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I’m decidedly indecided to begin the beginning of my spiritual path.
Read that three times fast.
Vaisakhi is around the corner. And in each of the five different gurudwaras I have visited during the past few weeks, Bhai Sahibs have been encouraging their congregations to feel the spirit within, and with Waheguru’s grace, embrace Amrit and join the league of saint-soldiers.
And I’m inclined to do so. I would have walked forward at Guru Gobind Singh’s request. I live the Sikh way of life… well, kind of.
I’d say that I’ve got the seva and compassion aspect covered in some sense. But can I wake up at amrit vela everyday instead of only on days when I have to be at work at 4 AM? Can I do nitnem and reflect on it each day? Can I immerse myself with the sangat as much as possible rather than only on the occasional evening or weekend? Yes, I’m disciplined and guru-centered and I already do much of the above. Yes, I can do this.
Where is the hesitation coming from then? Deep down inside I think about how it would be to stop shaping my eyebrows. I’ve been able to put the razors and wax aside for a few years, but I can’t seem to get over the tweezer-to-eyebrow action completely. Deep down inside I wonder if this would make the circle of guys I may be interested in become even smaller than it is already. That sounds so horribly lame. And it is. I ultimately want to spend my life with someone who considers his spiritual growth equally as important and wants to raise a family of strong, open-minded, confident, and bright Gursikhs. So why am I even considering this notion? Deep down inside I wonder how I could even entertain taking this step if my knowledge of Sikhi just skims the surface and I barely know how to read and write Gurmukhi. I mean, I just maintain a silly and superfluous blog that gets a total readership of 30 on a good day. Deep down inside I wonder if the non-amritdhari community will begin to maintain their distance from me because I am not one of them. I would be deeply hurt by this as inclusivity is what I strive for. But I already feel that way sometimes with those who are amritdhari so there’s another deep down feeling that lacks substance. And lastly, deep down inside I wonder how it would be to give up my family name. All its wonderful history and ties to generations past. The nice ring it has to it. Its uniqueness. And all the forms I would have to fill out to have it officially changed.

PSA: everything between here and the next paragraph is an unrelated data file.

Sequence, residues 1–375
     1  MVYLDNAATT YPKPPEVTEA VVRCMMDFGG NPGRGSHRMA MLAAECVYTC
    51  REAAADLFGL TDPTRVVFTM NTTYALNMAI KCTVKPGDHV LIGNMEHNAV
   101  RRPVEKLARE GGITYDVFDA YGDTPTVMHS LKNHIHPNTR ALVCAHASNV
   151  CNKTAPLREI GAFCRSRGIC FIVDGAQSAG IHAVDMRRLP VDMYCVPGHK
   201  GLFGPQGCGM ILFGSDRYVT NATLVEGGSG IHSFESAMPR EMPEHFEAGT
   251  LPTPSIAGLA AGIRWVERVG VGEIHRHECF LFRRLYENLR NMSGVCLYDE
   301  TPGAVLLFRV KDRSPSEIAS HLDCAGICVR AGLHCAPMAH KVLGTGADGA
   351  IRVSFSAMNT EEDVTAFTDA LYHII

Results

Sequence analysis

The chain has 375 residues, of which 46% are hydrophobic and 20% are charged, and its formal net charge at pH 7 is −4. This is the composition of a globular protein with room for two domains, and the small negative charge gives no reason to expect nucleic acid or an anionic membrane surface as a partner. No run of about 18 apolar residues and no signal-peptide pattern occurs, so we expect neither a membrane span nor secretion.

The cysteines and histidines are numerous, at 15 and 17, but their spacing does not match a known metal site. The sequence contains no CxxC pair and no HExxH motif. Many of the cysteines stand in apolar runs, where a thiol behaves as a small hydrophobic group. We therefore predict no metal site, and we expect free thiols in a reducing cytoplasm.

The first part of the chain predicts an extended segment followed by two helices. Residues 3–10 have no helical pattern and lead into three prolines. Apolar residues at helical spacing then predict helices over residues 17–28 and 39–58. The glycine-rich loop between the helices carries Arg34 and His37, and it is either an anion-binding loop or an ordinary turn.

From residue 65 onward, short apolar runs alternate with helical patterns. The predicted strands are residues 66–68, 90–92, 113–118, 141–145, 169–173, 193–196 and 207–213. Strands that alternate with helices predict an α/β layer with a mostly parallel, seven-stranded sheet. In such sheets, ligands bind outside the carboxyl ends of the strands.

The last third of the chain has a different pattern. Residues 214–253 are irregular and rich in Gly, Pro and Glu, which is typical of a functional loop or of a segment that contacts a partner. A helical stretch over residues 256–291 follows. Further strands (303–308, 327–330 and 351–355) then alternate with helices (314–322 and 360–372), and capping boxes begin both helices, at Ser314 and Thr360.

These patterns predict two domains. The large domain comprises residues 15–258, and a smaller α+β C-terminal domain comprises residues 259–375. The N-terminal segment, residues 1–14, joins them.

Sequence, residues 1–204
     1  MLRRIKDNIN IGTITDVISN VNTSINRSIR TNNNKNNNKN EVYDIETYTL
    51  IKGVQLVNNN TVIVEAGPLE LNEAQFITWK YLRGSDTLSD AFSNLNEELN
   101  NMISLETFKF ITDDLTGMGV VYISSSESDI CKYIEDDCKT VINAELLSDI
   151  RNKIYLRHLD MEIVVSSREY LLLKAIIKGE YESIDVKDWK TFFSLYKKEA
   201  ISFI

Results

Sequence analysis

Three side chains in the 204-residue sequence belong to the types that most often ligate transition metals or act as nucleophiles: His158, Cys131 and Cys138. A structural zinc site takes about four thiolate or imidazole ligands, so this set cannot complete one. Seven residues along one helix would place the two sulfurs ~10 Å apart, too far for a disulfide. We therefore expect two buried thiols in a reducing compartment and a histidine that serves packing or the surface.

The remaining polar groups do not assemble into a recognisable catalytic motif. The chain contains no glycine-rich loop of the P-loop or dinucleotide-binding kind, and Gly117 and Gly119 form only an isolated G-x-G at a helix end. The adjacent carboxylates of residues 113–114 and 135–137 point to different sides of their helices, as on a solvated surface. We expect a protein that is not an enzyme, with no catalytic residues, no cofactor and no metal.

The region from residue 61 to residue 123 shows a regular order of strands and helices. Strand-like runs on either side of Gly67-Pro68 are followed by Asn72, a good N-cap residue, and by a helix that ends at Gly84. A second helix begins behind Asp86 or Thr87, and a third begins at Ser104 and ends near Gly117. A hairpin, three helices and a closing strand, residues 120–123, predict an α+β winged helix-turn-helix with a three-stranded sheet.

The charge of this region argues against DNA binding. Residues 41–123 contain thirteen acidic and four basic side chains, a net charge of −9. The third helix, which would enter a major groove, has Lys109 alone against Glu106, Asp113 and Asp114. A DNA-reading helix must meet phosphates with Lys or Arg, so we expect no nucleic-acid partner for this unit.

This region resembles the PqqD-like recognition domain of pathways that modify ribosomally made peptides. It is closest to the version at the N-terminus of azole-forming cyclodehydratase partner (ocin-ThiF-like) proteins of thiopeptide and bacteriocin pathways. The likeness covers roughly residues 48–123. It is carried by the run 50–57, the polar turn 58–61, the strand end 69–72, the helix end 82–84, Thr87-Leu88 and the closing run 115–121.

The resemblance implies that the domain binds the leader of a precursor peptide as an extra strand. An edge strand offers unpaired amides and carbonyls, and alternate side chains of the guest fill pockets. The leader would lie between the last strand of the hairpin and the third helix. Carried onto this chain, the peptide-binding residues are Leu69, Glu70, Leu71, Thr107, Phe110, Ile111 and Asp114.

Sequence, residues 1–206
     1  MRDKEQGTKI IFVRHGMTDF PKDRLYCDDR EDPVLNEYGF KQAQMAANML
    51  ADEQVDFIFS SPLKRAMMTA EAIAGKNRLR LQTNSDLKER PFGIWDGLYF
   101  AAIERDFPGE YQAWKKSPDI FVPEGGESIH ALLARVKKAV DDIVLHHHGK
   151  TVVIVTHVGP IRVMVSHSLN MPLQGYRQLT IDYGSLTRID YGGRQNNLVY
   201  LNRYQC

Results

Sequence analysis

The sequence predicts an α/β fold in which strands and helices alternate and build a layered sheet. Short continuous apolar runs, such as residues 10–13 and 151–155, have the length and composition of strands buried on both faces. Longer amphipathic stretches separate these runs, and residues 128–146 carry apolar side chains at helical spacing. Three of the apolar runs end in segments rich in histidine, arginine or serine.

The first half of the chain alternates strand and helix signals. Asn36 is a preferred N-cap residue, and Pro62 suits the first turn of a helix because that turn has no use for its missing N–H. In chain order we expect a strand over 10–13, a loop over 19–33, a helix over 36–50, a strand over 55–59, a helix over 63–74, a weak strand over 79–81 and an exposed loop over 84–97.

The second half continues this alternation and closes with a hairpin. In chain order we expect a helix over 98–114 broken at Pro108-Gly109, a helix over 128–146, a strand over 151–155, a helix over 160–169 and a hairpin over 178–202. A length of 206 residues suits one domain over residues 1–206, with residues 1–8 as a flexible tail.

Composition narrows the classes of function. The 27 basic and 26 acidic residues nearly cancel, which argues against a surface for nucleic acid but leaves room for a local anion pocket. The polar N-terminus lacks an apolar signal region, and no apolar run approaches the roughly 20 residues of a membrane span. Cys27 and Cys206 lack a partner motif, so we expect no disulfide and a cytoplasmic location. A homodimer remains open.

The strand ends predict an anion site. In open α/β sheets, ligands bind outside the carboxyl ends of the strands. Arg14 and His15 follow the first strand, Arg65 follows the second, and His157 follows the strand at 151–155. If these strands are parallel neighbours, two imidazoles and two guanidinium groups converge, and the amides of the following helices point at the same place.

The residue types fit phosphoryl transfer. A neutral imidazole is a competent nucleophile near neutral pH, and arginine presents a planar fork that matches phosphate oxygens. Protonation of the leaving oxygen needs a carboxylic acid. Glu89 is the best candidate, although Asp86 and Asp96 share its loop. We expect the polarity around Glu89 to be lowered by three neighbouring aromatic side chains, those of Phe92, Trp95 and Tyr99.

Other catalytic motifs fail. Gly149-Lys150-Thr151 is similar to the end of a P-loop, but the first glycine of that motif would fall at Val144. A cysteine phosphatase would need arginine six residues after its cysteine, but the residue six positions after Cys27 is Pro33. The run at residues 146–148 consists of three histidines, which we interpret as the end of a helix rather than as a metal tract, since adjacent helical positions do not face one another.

I’m decidedly weak. I’m indecidedly strong. I wish I could make a decision. With Waheguru’s kirpa I hope I make the right one in due time.
The embargo has been lifted. Enjoy.
May this month of Chet not only reawaken life from winter slumber but also blossom our spirits and minds. With Waheguru’s grace may his disciples always remember him.
I usually find that reading one interpretation is never enough to fully elucidate the poetic depth of Gurbani. A pamphlet published by the Sikh Missionary College gives a nice breakdown of the bani Barah Mahah, or Twelve Months. Two English interpretations, one in regular font and one italicized, of Guru Arjan Dev Ji’s shabad on Chet are provided below:
ਚੇਤਿ ਗੋਵਿੰਦੁ ਅਰਾਧੀਐ ਹੋਵੈ ਅਨੰਦੁ ਘਣਾ ॥
In the month of Chet, by meditating on the Lord of the Universe, a deep and profound joy arises.
In the spring month of Chet if we meditate on the Lord, we obtain immense joy
ਸੰਤ ਜਨਾ ਮਿਲਿ ਪਾਈਐ ਰਸਨਾ ਨਾਮੁ ਭਣਾ ॥
Meeting with the humble Saints, the Lord is found, as we chant His Name with our tongues.